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Health

What is ‘black fungus’ infection found in India’s COVID patients? – Al Jazeera English

Mumbai, India – For 35-year-old Milind Deshmukh, contracting the COVID-19 infection has been a devastating, life-altering experience.

The mechanical engineer from Thane, a suburb of Mumbai, caught a fungal infection known as mucormycosis while battling the viral disease.

In a span of a month, the fast-spreading fungus had eaten into a large portion of his facial tissue, including his right eye and the palate.

“He has undergone three surgeries, lost vision from one eye permanently and it is going to be difficult for him to talk or eat due to the removal of the palate,” Deshmukh’s elder brother Makarand told Al Jazeera. “It’s all so devastating.”

How many cases have been found?

Doctors in India have been recording a big spurt in cases of the aggressive, hard-to-treat fungal infection.

While mucormycosis cases have been seen in the country earlier, the current increase in infections is among people infected with COVID-19 and those who have recovered from the disease.

The numbers are far above cases before COVID-19  came into India.

“It’s a dangerous situation,” said Dr Milind Navalakhe, an ear, nose and throat (ENT) surgeon at Global Hospital in Mumbai who conducted the palate-removal surgery on Deshmukh.

In practice for nearly 25 years, Navalakhe would get about one case of mucormycosis in a week before the pandemic.

“Now, I am seeing as many as 25 mucormycosis cases in a week, all COVID-19 patients either currently on treatment or recovered,” he said.

The western state of Maharashtra, home to Mumbai, has recorded about 2,000 cases and eight fatalities due to mucormycosis so far.

The state’s health minister Rajesh Tope has announced the setting up of special wards in hospitals to treat the fungal disease.

What causes mucormycosis?

Mucormycosis, also known as black fungus or zygomycosis, is caused by a group of mould called mucormycetes.

These fungi live in the environment, particularly in soil and in decaying organic matter, such as leaves, compost piles, or rotten wood, according to the Center for Disease Control and Prevention.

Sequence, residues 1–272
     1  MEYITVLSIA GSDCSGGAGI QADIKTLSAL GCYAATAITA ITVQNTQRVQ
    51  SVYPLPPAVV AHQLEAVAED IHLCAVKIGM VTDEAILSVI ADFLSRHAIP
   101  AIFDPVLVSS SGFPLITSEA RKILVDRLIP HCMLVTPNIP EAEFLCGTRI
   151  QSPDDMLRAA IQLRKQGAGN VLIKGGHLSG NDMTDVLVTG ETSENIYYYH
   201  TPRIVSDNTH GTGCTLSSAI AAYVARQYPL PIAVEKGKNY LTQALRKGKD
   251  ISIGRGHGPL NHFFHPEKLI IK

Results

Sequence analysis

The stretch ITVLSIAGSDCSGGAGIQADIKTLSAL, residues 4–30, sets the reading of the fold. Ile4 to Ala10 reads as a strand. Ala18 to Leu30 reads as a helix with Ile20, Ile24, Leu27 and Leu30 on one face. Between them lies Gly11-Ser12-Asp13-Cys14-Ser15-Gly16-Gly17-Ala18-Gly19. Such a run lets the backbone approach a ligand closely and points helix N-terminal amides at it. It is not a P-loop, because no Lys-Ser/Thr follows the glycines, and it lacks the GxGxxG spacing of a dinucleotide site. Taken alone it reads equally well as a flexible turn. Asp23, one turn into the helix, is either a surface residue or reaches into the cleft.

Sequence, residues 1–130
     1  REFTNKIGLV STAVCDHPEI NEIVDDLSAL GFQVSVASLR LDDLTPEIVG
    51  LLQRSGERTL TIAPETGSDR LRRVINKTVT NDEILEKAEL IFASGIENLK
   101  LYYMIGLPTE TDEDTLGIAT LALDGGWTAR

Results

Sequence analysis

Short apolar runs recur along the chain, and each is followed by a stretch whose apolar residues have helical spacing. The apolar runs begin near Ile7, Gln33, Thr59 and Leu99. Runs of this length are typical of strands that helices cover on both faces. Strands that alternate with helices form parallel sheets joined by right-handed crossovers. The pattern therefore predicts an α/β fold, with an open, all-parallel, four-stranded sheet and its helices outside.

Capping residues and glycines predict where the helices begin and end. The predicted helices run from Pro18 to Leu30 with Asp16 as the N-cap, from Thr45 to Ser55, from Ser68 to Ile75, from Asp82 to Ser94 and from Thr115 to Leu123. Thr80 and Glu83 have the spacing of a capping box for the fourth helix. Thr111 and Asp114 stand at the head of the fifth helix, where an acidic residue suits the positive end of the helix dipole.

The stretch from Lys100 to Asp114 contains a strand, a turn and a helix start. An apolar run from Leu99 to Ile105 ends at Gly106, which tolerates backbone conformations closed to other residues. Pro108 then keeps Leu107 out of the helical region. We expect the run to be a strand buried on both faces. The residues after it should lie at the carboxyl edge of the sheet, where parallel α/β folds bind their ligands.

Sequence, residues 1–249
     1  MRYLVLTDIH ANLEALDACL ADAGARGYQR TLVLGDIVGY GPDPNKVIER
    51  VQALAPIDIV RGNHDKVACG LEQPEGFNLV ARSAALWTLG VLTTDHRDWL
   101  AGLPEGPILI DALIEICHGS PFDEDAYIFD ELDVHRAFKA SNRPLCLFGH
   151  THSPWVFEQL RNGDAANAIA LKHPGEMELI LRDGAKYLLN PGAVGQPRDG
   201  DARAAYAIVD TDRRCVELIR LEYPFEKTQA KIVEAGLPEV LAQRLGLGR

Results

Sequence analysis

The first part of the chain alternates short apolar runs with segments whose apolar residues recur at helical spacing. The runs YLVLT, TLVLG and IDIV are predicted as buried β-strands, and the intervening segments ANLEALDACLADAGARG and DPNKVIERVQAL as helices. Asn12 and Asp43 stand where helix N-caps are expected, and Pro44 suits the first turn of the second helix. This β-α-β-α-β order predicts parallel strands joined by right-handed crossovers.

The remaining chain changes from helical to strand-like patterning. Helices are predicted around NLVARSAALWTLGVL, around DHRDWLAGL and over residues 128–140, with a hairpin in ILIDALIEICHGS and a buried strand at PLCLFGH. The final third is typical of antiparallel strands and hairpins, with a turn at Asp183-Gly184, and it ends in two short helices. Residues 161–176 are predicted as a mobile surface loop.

When someone breathes these fungal spores, they are likely to get the infection that commonly affects the sinuses or lungs.

Medical experts say mucormycosis is an “opportunistic infection” – it latches on to people who are battling illnesses or are on medications that lower the body’s ability to fight infections.

Patients with COVID-19 have weak immunity and a large number of them are put on steroids in order to control a hyperimmune response, thus making them susceptible to other fungal infections such as mucormycosis, say experts.

The majority of mucormycosis infections have been seen in COVID-19 patients with diabetes or those with underlying and undetected high blood sugar.

India’s poor air quality and excessive dust in cities such as Mumbai, make it easier for the fungi to thrive.

“There is also the rampant misuse and overuse of steroids and antibiotics in India which further allows such infections to spread,” said Navalakhe.

Is it spreading?

Doctors in India’s capital New Delhi have also started witnessing a spurt in cases of mucormycosis too.

The city, home to nearly 20 million people, is reeling under a vicious second wave of COVID-19, with doctors anticipating a larger outbreak of fungal infections.

“We are seeing two to three times higher numbers of mucormycosis cases,” said Dr Neha Gupta, an internal medicine and infectious disease specialist at Medanta Hospital in Gurugram, a suburb of the Indian capital.

She said patients are coming in with symptoms such as loose or falling teeth, severe facial pain and facial swelling.

“Earlier we would see rare mucormycosis cases among people who have met with road traffic accidents or those with severe diabetes. But now all cases are COVID-19 related,” she said.

Mucormycosis is also known to develop on the skin if the fungus enters through a cut, scrape, or other injuries. Patients who have undergone organ transplants are also known to be susceptible.

In the western state of Gujarat, hospitals have started preparing wards amid increasing cases of the fungal infection.

The state officials have also placed orders for the anti-fungal drug called Amphotericin-B, which is crucial in the treatment of mucormycosis.

While the Gujarat government has been notified about 100 such cases, doctors say the actual numbers could be much higher.

Dr Dinesh Harani, an ENT surgeon in Gandhidham in Kutch district of Gujarat, told Al Jazeera he has referred five mucormycosis patients for surgeries to Ahmedabad, the state’s largest city, in the past three days.

“I did not see a single case of mucormycosis in my 35 years of practice until now,” said Harani, who runs a small four-bed medical facility.

“The injection Amphotericin-B is also in short supply,” he said.

The Ahmedabad Civil Hospital has admitted 19 mucormycosis patients over the past week. Many government and private hospitals from other cities in the state, including Surat, Anand and Vadodara, have also reported cases.

The treatment for mucormycosis is expensive. Surgical removal of the infected tissue is the primary treatment for the infection, in addition to a long course of anti-fungal medication.

“Mucormycosis is like a fast-spreading cancer that invades the body,” Mumbai-based infectious disease specialist Dr Tanu Singhal told Al Jazeera.

“The overall treatment costs including the surgeries go up to 40,00,000 Indian rupees ($54,452) to 50,00,000 Indian rupees ($68,065).”

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